As everyone knows, I’m a big fan of the Hatsune Miku: Project Diva games. Actually, “big fan” is probably an understatement; having spent something like 700 hours in play time across the two of them, I’m probably in need of an intervention.
That aside, I’m surprised I haven’t done this Friday Ten yet, but here’s a countdown of my favourite ten music tracks and video clips from the two games. I’ve picked five from each, and it was a tough list, because I (obviously) like so many more tracks than these, but these would have to be the ones I’ve played the most.
No doubt all the Miku fans out there have their own favourites, so please do let me know your own picks in the comments below. Or even your favourite songs that are not yet in the Miku games.
Or just chat about Miku in general. I’m always up for a good chat about the vocaloids.
And without further ado:
Hm? Ah, Yes
This was probably the first Miku song I became truly addicted to. Having started playing Project Diva F on the Vita to review without knowing anything about Hatsune Miku beforehand, this was one of the first tracks I played, and from that point on I was hooked. The music track itself is complex and has a deeper, darker tone than many of the other vocaloid bubblegum pop tracks, and the video clip has a sexy edge to show a different side from the happy-go-lucky Miku character we generally see.
Nostalogic is a rocking dance track, with a strong, fast party beat and simple, pleasant tune sitting over the top. The video clip is ace, too, with whoever put it together having a good understanding of dance. A lot of the moves performed by MEIKO in this track (or whatever vocaloid you have replaced her with in the track – stick Kaito in there for a laugh), are based on real Cha Cha figures, giving the track an authentic vibe that helps to boost its value as a dance track in a rhythm game.
Remote Control is sheer entertainment. It’s addictive to the most insane degree, being light, bouncy and catchy, and for a song that is filled with mischief and youthfulness, the video clip starring Rin and Len fits perfectly. An abundance of colour and silly dance moves complement and enhance an cheerfully irrelevant tune. It’s a little hard to play this track, because the energy going on in the background is often distracting, but it’s a track I can play over and over again without becoming tired of it.
Ashes to Ashes
Kaito can be a pretty serious fellow in his music, which means his tracks are often a perfect way to balance out the brightness of the rest of the tracks. Ashes to Ashes is a perfect example of this, with a dark, serious tone aiming to give players something a little more opera, a little less dancey. But that’s not to suggest it’s a bad track, because it’s quite the opposite: Ashes to Ashes has a strong spirit, and that makes it hard to put down.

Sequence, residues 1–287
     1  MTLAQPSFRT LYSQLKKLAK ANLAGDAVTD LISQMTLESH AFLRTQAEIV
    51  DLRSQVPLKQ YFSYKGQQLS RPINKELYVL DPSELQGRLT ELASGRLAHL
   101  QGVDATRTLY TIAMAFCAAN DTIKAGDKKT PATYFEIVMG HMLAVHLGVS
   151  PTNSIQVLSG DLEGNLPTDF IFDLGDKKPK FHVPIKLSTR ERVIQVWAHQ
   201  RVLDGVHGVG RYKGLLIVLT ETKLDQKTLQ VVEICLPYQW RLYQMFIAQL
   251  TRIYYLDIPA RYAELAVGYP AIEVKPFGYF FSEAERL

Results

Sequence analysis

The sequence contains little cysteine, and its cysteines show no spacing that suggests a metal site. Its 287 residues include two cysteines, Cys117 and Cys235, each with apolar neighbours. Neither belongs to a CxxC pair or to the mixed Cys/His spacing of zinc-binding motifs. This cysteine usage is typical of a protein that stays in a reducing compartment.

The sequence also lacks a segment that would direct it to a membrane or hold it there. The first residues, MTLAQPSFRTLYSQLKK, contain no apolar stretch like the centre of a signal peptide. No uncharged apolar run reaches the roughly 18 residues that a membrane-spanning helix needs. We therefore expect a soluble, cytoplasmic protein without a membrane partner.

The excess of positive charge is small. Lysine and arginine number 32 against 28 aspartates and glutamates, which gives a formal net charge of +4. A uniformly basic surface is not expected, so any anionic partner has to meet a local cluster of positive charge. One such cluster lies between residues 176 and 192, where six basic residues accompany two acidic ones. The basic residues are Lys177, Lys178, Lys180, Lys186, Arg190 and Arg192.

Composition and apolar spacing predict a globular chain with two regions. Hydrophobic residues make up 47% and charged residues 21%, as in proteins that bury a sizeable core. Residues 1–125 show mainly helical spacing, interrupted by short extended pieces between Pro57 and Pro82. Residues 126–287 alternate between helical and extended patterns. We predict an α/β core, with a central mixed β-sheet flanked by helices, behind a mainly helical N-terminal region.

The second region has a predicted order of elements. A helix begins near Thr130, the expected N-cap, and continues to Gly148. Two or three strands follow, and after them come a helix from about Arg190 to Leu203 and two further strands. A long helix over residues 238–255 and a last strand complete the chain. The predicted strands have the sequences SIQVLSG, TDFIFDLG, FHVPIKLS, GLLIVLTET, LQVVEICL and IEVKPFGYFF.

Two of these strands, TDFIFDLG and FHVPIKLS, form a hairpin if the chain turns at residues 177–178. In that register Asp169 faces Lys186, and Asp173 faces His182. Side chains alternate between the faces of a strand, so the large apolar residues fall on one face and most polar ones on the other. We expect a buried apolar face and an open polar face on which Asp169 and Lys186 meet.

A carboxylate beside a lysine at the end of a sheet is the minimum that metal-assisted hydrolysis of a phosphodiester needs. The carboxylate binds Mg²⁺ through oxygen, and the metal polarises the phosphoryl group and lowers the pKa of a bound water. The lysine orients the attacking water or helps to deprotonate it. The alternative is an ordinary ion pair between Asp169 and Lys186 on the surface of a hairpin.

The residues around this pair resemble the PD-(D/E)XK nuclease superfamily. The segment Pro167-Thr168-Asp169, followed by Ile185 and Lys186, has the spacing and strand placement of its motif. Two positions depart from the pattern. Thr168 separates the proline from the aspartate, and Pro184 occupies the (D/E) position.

World’s End Dance Hall
The video clip of World’s End Dance Hall is truly entertaining stuff, as Miku and Luka face off in a dance battle for the idol with the best moves in a Chinese setting. But the music track itself is great as well, with a rockier edge and fast pace combining with some more traditional elements of Asian music to create the theme that the video clip feeds off.
I’ll Miku Miku You [For Reals]
This is one of the shortest tracks across all Project Diva games, coming in at under two minutes of length. But, given that this is essentially a novelty track, that length is just right. With nonsense (but hugely entertaining) lyrics, I’ll Miku Miku You is pure bounce, and let’s face it, it’s the kind of song that fans of vocaloids generally like. The video clip is also hugely energetic and presented just like you’d expect to see if you headed along to a Miku concert.
Close and Open, Demons and the Dead
This is one of the more odd Miku tracks in Project Diva, but it really works, both as a song and for the game itself. It has a really catchy, bassy beat to it, which makes it a good choice for a rhythm game, and the developer took full advantage of that by timing button presses to that beat. But the unique melody and theme also help to broaden the range of music in the game. And the video clip itself is incredibly slick and charming.
This track is only available as DLC for the second Project Diva game, and it’s easily the best couple of dollars I’ve spent. In this track, MEIKO goes modern disco, with a slick piece that would feel right at home in any nightclub in any city. A sultry tune is joined by some sultry dance moves, as suits the genre, and as such this is also one of the more mature tracks available across the two games. Luka and MEIKO music tracks are generally the place to go for more Madonna-style pop music than the happy-go-lucky stuff… it’s a pity there are relatively few tracks from either in the games.
Romeo and Cinderella
This almost-ballad track is incredibly appealing, precisely because it is a rich composition that shows a deft eye for detail and lyrics that are up there with the best that the pop industry in general produces. But it’s really the theming of this track that appeals to me the most. The references to Romeo & Juliet and Cinderella give the track a classic fairy tale theme, which is reflected in one of the most gorgeous video clips across all Project Diva games.
This is the Happiness and Peace of Mind Committee
Last, but certainly not least, is this one. It starts off with what you might have thought would be a slow paced ballad, but that’s a bait-and-switch. This is the Happiness and Peace of Mind Committee is a pop rock track, with the kind of “made for live concerts” vibe that gives is a strong energy and powerful rhythm. That being said, the reason I like this one so much is that video clip – I would love to be at this concert.
– Matt S.
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